This study has some important limitations that should be kept in mind when interpreting the results. First, the cross-sectional nature of the study design may not allow confirming a definitive cause and effect relationship. Second, it is important to bear in mind that SRQ20 is a screening instrument in measuring the mental distress of students. Nevertheless, the findings of this study can be used as a first step to understand the current situation of mental distress among university students. Third, the scope of this study was limited in terms of measuring the distressful experience of students. We recommend for qualitative investigations that explore the experience and perception of students towards the distressful experience. Last, the study may be prone to recall bias since the data were collected based on self-reported information. Despite the above limitation, the use of a validated standardized instrument can be considered as a potential strength of this study.
The result of the present study shows that more than half of Samara university students were mentally distressed. This proportion was higher as compared to similar studies conducted in Adama, Gondar and Hawassa university students. Being female in sex, ever use of khat and poor sleep quality were independent predictors of student’s mental distress. We recommended that students mental distress needs due attention and remedial action from both government and non-governmental organizations and any program aimed at preventing mental distress of students. For example, evidence-based interventional strategies such as self-help measures, sleep hygiene, and peer support, as well as professional mental health services as part of student health services, would be helpful to reduce the burden of mental distress of students.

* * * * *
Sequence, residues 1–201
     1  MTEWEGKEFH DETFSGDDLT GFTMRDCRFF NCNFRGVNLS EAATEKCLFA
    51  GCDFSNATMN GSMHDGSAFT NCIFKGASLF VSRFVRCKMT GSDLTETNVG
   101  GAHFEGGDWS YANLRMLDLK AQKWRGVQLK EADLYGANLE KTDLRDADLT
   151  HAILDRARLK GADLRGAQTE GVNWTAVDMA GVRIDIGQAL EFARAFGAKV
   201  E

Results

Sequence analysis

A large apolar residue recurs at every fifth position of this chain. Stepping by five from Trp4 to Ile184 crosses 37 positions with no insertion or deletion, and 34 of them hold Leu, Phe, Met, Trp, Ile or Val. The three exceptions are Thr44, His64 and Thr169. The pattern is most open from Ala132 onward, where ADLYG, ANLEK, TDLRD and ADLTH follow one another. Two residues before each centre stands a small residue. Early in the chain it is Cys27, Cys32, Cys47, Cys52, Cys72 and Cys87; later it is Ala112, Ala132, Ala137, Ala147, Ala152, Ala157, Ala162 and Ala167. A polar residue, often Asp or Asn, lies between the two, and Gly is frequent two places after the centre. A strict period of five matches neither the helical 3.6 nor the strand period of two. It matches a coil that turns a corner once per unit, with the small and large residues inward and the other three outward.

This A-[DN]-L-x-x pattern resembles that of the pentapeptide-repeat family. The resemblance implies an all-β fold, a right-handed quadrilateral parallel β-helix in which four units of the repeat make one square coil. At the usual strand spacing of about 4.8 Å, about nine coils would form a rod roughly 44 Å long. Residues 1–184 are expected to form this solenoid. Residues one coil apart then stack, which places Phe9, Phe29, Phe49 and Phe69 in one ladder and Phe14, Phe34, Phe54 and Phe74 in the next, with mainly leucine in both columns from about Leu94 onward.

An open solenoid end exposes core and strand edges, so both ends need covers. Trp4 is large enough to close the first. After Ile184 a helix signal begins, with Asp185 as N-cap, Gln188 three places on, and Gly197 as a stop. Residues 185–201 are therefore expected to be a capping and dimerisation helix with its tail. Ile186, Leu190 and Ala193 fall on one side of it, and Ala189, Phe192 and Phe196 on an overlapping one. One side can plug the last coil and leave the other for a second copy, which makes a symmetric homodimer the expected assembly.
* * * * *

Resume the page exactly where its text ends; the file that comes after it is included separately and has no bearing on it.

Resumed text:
|ANRS:||Afar national and regional state|
|AOR:||Adjusted odds ratio|
|CGPA:||Cumulative grade point average|
|PSQI:||Pittsburgh sleep quality index|
|WHO:||World Health Organization.|
The data set will not be shared in order to protect the participants’ identities.
The study was reviewed and approved by the Ethical review committee of Samara university, College of Medical and Health Science. All participants were pre-informed of the aim of the study and their full right to withdraw or refuse to participate before their verbal consent was obtained.
Conflicts of Interest
The authors declared no conflicts of interest.
Robel Tesfaye Kelemu conceived and designed the study, performed analysis and interpretation of data and drafted the manuscript. Alemayehu Bayray Kahsay and Kedir Y. Ahmed supervised the design, conception, analysis, interpretation of data and made critical comments at each step of research. All authors read and approved the final Manuscript.
We would like to express our heartfelt gratitude and sincere appreciations to all data Collectors and study participants in this study; without them, this research wouldn’t have been possible. We would like to extend our sincere appreciation to the dedicated staff working in Samara university student service as they have provided us the relevant data and information related to our research work. We would like to express our deeper thanks to Samara university, College of Medical and Health Sciences for facilitating the research work.